I like the way you phrased that. It makes sense as well, that comic book readers would look for a soundbite that isn't necessarily an "injustice" to whatever comic it is referring to, but rather, one that is short and sweet enough for it to be easily read.

It reminds me of how people like to use the word "deconstruction" as a one-size-fits-all term to describe the works of Alan Moore and Frank Miller, while simultaneously avoiding the details of how they subvert comic book traditions.

Guijllons said:
I'd love to comment on the original opinions before they got distorted, but, i've not read them, so i cannot. But the ease to which people will accept metaphor in place of actual conceptualisation and development of ideology is surely little more than the "repeat and learn" cancer in teh education system.
To be honest, when I read this paragraph a few months ago, I hadn't read neither Rick Moody's novel nor Ang Lee's film. But I think it strikes at the heart of how comics are "read" in armchair cultural studies as well as my own contentions with Ang Lee as a filmmaker, which is that he likes looking for "higher themes" like repression or denial but chooses the middle brow path of refusing to seek a deeper interpretation of it.

The Fantastic Four like any comic book or any piece of pop culture can stand for a metaphor, but when people like Lee choose to see the entirtety of the comic itself and its continuity as BEING the metaphor it becomes problematic. The Fantastic Four isn't just A metaphor, it's a series of metaphors AND symbols and the relationships in between.
 

compound

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ourchair said:
The Fantastic Four like any comic book or any piece of pop culture can stand for a metaphor, but when people like Lee choose to see the entirtety of the comic itself and its continuity as BEING the metaphor it becomes problematic. The Fantastic Four isn't just A metaphor, it's a series of metaphors AND symbols and the relationships in between.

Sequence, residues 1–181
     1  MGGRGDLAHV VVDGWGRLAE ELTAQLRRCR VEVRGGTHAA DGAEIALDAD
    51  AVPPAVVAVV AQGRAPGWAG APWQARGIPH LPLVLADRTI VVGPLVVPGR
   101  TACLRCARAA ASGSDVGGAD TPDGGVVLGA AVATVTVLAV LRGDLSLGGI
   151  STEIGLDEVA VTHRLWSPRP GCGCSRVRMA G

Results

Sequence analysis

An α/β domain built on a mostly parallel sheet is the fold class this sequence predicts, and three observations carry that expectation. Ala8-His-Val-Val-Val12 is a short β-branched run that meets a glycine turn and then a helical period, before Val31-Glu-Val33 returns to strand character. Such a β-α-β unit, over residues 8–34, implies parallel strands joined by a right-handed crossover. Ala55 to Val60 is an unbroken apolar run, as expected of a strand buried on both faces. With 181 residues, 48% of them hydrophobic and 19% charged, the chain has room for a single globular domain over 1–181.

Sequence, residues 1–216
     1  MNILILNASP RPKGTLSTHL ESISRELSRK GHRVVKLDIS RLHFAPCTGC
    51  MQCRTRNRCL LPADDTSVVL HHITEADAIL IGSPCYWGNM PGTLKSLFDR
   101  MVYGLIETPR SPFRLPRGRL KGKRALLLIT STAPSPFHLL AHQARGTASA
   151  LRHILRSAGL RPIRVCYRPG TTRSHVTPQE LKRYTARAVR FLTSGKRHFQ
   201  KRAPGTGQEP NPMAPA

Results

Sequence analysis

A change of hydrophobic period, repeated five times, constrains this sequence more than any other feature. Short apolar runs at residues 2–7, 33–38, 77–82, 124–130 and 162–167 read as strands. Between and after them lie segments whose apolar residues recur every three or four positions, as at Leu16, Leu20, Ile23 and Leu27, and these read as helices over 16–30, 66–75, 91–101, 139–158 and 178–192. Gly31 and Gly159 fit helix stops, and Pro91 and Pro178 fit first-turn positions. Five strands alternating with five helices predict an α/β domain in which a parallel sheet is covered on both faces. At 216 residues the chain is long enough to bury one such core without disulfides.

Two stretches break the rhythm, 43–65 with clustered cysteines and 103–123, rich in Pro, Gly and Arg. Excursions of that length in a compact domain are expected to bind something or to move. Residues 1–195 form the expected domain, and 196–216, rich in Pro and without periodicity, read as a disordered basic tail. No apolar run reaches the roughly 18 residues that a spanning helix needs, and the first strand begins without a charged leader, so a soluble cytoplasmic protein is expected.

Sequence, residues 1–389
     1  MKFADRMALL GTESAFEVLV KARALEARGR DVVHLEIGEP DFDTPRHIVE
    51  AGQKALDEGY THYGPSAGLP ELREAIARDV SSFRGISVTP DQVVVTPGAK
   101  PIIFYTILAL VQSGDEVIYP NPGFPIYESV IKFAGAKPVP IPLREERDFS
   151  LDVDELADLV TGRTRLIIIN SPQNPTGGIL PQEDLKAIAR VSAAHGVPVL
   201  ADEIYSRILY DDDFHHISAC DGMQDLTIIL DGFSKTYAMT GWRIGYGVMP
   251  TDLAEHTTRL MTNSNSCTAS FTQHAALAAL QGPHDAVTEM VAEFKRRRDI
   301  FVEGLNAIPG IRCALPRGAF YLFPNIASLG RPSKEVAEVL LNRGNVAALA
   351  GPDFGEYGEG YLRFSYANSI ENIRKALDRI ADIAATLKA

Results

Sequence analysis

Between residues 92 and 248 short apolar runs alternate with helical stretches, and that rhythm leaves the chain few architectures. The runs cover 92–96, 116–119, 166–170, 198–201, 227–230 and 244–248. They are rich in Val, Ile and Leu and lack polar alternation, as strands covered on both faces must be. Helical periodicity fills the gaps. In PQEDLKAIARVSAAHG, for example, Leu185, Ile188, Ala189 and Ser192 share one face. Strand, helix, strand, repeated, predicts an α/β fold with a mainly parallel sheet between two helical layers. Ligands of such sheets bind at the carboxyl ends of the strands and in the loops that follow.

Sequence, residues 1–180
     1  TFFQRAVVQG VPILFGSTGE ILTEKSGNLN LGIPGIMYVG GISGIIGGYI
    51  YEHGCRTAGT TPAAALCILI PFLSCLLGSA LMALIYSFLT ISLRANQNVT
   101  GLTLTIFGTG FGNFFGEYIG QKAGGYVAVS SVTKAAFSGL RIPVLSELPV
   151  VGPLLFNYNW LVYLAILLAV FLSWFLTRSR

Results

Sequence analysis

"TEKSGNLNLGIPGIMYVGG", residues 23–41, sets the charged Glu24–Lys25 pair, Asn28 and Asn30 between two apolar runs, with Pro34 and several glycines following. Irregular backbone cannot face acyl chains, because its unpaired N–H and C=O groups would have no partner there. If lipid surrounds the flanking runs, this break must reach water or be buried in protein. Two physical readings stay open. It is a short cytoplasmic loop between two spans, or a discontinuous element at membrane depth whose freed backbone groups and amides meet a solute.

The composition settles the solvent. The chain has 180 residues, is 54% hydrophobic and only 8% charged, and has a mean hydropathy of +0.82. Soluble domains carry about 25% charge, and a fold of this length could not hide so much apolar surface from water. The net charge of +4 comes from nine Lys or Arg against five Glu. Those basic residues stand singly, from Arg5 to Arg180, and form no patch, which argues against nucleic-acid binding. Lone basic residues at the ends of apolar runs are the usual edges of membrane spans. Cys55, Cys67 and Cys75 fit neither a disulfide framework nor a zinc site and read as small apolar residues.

Trouble is, the feature-length movie, as a medium, just can't possibly hope to convey the complexity of the metaphors contained within the FF comic, in the same way that a book, or a TV series, or even another self-relexive comic would be able to do.

So instead, Lee just goes with the most simplistic, obvious metaphors: FF-as-family, Negative-Zone-as-70s-suburban-ennui, and whatnot.

Granted, the limits of the medium certainly don't justify the lazy symbolisms he resorts to. But would it have been an injustice to Moody's original text, if Lee (and the screenwirters) had opted to ignore Paul's FF fascination altogether? Or even replaced it with another (similarly timely) pop cultural obsession that allows for less-simplistic metaphors?
 

ourchair

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compound said:
Granted, the limits of the medium certainly don't justify the lazy symbolisms he resorts to. But would it have been an injustice to Moody's original text, if Lee (and the screenwirters) had opted to ignore Paul's FF fascination altogether? Or even replaced it with another (similarly timely) pop cultural obsession that allows for less-simplistic metaphors?
Well to be fair, I think it was still possible to explore FF within the limited film time without lazy symbolism, so long as they were willing to go the distance to explain the context. Tobey Maguire's character simply goes for the reductionist root simply because it doesn't necessitate explaining nuts and bolts of detailed continuity.

But to me, the Fantastic Four's relationships and continuity are so much less convoluted than say, those of the X-Men or the Avengers that it shouldn't have been a problem. Perhaps Lee was more fixated on the bleak forays into sexual experimentation, and as such, saw the FF as nothing more than a framework, on completely utilitarian terms.
 

compound

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Here's something to consider -- if The Ice Storm had been adapted to an HBO-style minis-series, rather than a film, would it have takens as many dramatic short-cuts? Or would the more 'decompressed' story-telling format have allowed a more detailed explanation of Paul Hood's fascination with the comic?
 

compound

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Obviously, the porn addled ourchair, and his hilarious sidekick/alter ego compound do DIB.
Just to clarify, ourchair is the Jessica to my Nikki.

Are you racist?
http://www.alllooksame.com

Having said that...